The blind boy appeared after a few minutes, lugging a sack, which he put down in the boat.

“Listen, blind boy!” said Yanko. “You stay put here . . . you hear? Those are precious goods . . . Tell (I didn’t catch the name) that I’m not his servant anymore. The matter went badly; he won’t see any more of me. It’s too dangerous now. I am off to find work in another place, and he’ll never find a daredevil like me again. Yes, tell him that if he had paid better, then Yanko wouldn’t have left. There are paths open everywhere to me, wherever the wind blows and the sea stirs!”

After a certain silence, Yanko continued. “She’s coming with me. She can’t stay here. And tell the old woman that it’s time to die, she’s lived longer than she should have, and it’s time she went. And she won’t see the likes of us again.”

“And what about me?” said the blind boy in a plaintive voice.

“What are you to me?” was the reply.

In the meantime my water sprite had jumped into the boat and waved her hand at her companion, who put something in the blind boy’s hand, saying: “Here, buy yourself some gingerbread.”

“That’s it?” said the blind boy.

“Here, have more.”

The dropped coin rang out, striking against a rock. The blind boy didn’t pick it up. Yanko sat down in the boat; a wind blew from the shore. They raised a small sail and tore off swiftly. For a long time the white sail flashed in the light of the moon amidst the dark waves. The blind boy continued to sit at the shore, and then something that resembled sobbing was audible to me: the blind boy was crying, and it went on for a long time . . . I became sad. Why had fate thrown me into this peaceful circle of honest smugglers? Like a stone thrown into a smooth spring, I had disturbed their tranquility, and, like a stone, I had barely avoided sinking to the bottom!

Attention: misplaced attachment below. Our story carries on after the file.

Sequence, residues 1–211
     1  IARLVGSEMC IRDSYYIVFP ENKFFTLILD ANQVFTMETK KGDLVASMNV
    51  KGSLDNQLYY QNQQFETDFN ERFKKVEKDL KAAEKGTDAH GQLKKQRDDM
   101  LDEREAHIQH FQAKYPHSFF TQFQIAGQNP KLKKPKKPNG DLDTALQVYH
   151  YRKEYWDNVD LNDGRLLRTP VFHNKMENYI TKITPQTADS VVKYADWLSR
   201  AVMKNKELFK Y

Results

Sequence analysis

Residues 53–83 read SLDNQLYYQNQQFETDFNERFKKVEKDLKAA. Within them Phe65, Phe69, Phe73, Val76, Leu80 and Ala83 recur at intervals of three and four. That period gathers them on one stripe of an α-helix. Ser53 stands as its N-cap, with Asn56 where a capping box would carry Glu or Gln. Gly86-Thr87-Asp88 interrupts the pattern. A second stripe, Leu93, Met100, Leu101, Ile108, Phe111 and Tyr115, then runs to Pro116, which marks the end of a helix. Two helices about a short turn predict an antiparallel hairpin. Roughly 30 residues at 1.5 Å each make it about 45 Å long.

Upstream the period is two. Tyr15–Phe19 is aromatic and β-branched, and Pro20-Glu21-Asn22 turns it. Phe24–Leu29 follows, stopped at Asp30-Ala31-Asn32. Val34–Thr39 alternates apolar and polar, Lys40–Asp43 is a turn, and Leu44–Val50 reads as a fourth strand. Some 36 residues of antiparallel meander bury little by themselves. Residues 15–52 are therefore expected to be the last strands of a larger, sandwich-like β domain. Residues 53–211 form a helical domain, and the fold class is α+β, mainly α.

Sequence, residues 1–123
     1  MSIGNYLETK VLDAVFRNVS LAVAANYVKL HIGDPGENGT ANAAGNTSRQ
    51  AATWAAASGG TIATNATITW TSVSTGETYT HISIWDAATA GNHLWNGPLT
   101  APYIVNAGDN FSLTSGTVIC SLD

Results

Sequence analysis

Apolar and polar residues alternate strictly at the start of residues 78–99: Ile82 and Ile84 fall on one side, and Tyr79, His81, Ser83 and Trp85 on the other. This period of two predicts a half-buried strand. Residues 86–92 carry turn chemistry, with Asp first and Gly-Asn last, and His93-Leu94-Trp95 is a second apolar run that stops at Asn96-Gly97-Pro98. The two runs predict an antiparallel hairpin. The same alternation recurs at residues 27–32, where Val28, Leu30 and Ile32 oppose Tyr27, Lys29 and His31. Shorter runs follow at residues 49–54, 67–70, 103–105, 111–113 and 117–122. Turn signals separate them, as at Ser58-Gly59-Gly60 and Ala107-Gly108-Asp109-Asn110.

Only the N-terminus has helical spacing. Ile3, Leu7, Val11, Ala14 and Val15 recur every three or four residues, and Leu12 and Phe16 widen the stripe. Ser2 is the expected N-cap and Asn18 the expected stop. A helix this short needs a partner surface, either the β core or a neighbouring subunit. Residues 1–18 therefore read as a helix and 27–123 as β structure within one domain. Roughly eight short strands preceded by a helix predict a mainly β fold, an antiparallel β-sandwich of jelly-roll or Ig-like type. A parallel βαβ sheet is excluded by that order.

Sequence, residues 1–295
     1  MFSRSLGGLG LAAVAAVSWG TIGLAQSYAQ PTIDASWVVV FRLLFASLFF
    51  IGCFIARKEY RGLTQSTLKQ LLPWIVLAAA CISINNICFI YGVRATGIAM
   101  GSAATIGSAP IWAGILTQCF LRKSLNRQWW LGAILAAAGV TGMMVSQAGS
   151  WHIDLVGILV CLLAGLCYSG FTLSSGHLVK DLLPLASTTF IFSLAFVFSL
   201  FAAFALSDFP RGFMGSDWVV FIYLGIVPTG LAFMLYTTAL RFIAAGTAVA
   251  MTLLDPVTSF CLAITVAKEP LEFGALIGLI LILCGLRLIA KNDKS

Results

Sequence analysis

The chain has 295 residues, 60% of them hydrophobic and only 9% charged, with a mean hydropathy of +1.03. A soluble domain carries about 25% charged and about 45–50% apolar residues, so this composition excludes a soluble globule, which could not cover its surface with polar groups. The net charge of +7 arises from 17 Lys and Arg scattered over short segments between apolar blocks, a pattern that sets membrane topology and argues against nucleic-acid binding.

I returned to the peasant house. In the vestibule there was a burned-out candle on a wooden dish, and my Cossack, contrary to orders, was in a deep sleep, holding his rifle with both hands. I left him in peace, took the candle, and went into the peasant house. Alas! My case, my silver-worked saber, my Dagestani dagger (a present from a friend)—all had disappeared. Then I guessed just what things the damned blind boy had been lugging. Having awakened the Cossack with a sufficiently impolite shove, I scolded him, got angry, but there was nothing to be done! And wouldn’t it be amusing to complain to the authorities that I had been robbed by a blind boy and nearly drowned by an eighteen-year-old girl? Thank God, there arose an opportunity in the morning to depart, and I abandoned Taman. What became of the old woman and the poor blind boy, I don’t know. Yes, and what are the joys and calamities of man to me—to me, a traveling officer, equipped, even, with a road-pass indicating his official business!

(The end of Pechorin’s diaries)